Archdiocese To Seek Dismissal Of Abuse Lawsuit
MINNEAPOLIS (AP) – Lawyers for the Archdiocese of St. Paul and Minneapolis return to court Monday to ask a judge to dismiss a clergy sex abuse lawsuit that’s already forced painful revelations about how top church officials handled allegations of misconduct by priests.
St. Paul attorney Jeff Anderson filed the lawsuit last year for a man identified as Doe 1 who alleges he was molested by the Rev. Thomas Adamson while Adamson was working at St. Thomas Aquinas Catholic Church in St. Paul Park around 1976.
But the case has taken on a much greater significance. Anderson offered a novel legal theory that the archdiocese created a “public nuisance,” and has used it to take court-ordered depositions from Archbishop John Nienstedt and other top church leaders — and to make them public.
Here are five things to know about the case and the issues to be discussed Monday:
1. THE LEGAL ISSUES
The archdiocese is asking Ramsey County District Judge John Van de North to dismiss the lawsuit. It says no evidence has emerged to back up Doe 1’s claim that church officials were negligent in assigning Adamson to St. Thomas Aquinas. The archdiocese also argues that the public nuisance claim doesn’t stand up. Van de North wrote in a December ruling that the claim is “a bit of a stretch” and a “particularly close call.” But he let the case go forward, giving Anderson his opening to depose Nienstedt.
Anderson says it’s the first clerical sexual abuse case nationally to try a public nuisance theory. The lawsuit claims the archdiocese created a public nuisance by concealing the names of Adamson and other priests accused of sexually abusing children. Minnesota law defines it as “unreasonable interference with a right common to the general public.” It’s normally up to governmental entities to invoke it, with private parties doing so only in narrow circumstances. The archdiocese says Doe 1 can’t meet that test as the courts have defined it, and that recognizing a public nuisance claim for nondisclosure of information would set an unworkable precedent.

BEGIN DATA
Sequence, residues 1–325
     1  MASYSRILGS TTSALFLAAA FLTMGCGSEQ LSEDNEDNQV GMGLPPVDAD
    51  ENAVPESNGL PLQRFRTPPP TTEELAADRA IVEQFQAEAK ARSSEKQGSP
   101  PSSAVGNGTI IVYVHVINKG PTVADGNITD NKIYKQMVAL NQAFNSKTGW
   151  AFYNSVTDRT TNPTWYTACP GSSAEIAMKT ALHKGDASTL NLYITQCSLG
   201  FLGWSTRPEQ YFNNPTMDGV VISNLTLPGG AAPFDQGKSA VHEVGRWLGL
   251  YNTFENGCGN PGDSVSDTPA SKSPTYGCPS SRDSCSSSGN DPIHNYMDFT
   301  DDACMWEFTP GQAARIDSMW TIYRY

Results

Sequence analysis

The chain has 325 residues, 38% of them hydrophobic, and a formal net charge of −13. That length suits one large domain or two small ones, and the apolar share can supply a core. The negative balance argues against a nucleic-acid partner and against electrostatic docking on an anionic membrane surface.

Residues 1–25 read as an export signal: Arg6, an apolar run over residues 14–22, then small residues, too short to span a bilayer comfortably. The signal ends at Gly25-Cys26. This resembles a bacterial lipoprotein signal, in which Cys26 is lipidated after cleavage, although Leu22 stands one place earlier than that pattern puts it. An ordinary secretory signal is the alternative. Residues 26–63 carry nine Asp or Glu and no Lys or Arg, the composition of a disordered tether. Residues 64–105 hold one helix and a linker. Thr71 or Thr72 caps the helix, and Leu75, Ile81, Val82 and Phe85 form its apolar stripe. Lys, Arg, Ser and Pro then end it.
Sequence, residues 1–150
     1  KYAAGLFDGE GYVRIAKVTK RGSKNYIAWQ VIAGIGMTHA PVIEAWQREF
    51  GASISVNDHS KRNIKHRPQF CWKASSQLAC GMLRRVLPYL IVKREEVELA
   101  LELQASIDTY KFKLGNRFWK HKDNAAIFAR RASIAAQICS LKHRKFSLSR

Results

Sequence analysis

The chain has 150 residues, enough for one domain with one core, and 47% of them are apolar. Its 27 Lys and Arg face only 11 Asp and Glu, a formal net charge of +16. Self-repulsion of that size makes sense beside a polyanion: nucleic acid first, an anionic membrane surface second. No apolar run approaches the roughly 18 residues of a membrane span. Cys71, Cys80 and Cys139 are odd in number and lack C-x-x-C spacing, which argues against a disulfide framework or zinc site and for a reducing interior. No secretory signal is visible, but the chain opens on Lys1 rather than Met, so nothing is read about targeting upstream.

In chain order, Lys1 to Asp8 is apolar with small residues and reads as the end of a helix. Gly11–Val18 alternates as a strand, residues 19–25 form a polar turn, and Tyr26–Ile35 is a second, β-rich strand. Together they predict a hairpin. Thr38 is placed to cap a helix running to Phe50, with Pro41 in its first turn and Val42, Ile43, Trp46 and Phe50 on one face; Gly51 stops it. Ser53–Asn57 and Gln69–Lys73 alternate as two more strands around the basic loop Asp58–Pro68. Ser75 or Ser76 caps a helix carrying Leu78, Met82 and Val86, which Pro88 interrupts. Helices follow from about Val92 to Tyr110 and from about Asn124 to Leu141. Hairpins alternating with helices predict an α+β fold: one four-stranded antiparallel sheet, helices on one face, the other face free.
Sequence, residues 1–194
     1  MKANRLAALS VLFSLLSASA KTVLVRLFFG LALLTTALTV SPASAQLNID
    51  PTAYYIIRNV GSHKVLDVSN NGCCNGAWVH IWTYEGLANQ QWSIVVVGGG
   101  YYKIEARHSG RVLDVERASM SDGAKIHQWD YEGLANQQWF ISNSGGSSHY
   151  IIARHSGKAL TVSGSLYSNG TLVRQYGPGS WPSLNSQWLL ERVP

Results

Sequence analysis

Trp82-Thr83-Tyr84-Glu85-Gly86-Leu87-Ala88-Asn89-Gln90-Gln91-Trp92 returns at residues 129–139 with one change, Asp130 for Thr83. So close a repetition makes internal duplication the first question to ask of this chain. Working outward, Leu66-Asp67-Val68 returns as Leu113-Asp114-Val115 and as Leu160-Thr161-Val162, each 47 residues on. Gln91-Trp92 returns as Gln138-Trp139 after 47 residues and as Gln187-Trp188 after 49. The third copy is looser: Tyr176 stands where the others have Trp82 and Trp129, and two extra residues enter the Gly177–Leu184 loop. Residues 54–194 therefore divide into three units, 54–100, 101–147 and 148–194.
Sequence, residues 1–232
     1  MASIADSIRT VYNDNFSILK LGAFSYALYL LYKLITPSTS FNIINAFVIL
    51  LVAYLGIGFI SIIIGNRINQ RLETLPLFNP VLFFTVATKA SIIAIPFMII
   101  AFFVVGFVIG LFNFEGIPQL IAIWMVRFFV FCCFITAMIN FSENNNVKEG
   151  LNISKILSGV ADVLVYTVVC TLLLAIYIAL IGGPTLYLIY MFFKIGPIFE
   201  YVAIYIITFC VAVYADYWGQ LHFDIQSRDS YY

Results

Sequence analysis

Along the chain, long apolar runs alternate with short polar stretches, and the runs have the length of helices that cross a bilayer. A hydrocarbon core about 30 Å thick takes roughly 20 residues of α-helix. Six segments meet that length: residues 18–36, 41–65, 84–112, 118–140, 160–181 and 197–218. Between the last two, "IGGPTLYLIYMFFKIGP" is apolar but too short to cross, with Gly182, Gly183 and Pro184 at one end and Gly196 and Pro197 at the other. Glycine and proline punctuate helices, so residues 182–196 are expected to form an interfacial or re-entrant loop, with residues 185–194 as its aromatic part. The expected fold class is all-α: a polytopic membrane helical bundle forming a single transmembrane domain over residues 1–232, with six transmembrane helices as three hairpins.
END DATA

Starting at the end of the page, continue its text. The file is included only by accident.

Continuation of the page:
2. WHO’S BEEN DEPOSED?
The highest official was Archbishop John Nienstedt, who’s been under heavy fire since last September after his former adviser on church law, Jennifer Haselberger, publicly alleged a widespread cover-up of sexual misconduct by priests. Others include the Rev. Kevin McDonough and the Rev. Peter Laird, both top deputies to archbishops who played key roles in church’s response to misconduct allegations. Two other archbishops were also interviewed: Archbishop Harry Flynn, who retired in 2008, and Archbishop Robert Carlson of St. Louis, Missouri, a former auxiliary bishop in St. Paul.
3. WHAT THE DEPOSITIONS SHOWED
Nienstedt said under oath that he hadn’t reprimanded or disciplined anyone for the way they’ve handled allegations of clergy sexual abuse, and didn’t think that he should have. Anderson never even asked Nienstedt about Adamson or Doe 1.
McDonough acknowledged he chose not to talk to St. Paul police investigating allegations of recent clergy misconduct. He also acknowledged declining to speak to a task force the archdiocese set up to examine how church officials handled abuse cases.
Laird, who resigned last October, testified that he suggested twice that Nienstedt consider stepping down.
Flynn said he couldn’t remember how he handled abuse cases, even though he’d been portrayed as a national leader on the issue.
Carlson said he wasn’t sure if he knew back in the 1970s or 1980s that it was a crime for an adult to have sex with a child, though he now knows that it is. The St. Louis archdiocese later issued a statement saying he meant that he didn’t know exactly when clergy became bound by Minnesota law to report suspicions of child abuse.
Adamson admitted he molested around 12 teens from the 1960s to the mid-1980s. He said he had considered it more of a sin than a crime. Adamson was removed from active ministry in 1985 and defrocked in 2009. He was never criminally charged.
4. WHAT ELSE HAS BEEN REVEALED IN THIS CASE?
The archdiocese was forced to publish names of 34 priests it said had been “credibly accused.” The Winona diocese, which is also a defendant, disclosed 14.
Last Tuesday, Anderson filed a sworn statement from Haselberger with her most detailed claims yet. She accused archbishops and top staffers of lying to the public and of ignoring a pledge by U.S. bishops not to tolerate priests who abuse children. She also said the archdiocese had a chaotic record-keeping system that helped conceal the backgrounds of guilty priests.
5. WHAT COULD HAPPEN
Van de North could agree there’s insufficient evidence for a reasonable jury to back Doe 1’s negligence claims. He could also agree that Doe 1 has failed to show the required “special or peculiar injury” from the archdiocese’s failure to release the names of all its accused priests before he sued, and therefore can’t proceed with the public nuisance claim. Or he could rule that there are sufficient legal grounds for going to trial, which is scheduled for Sept. 22.
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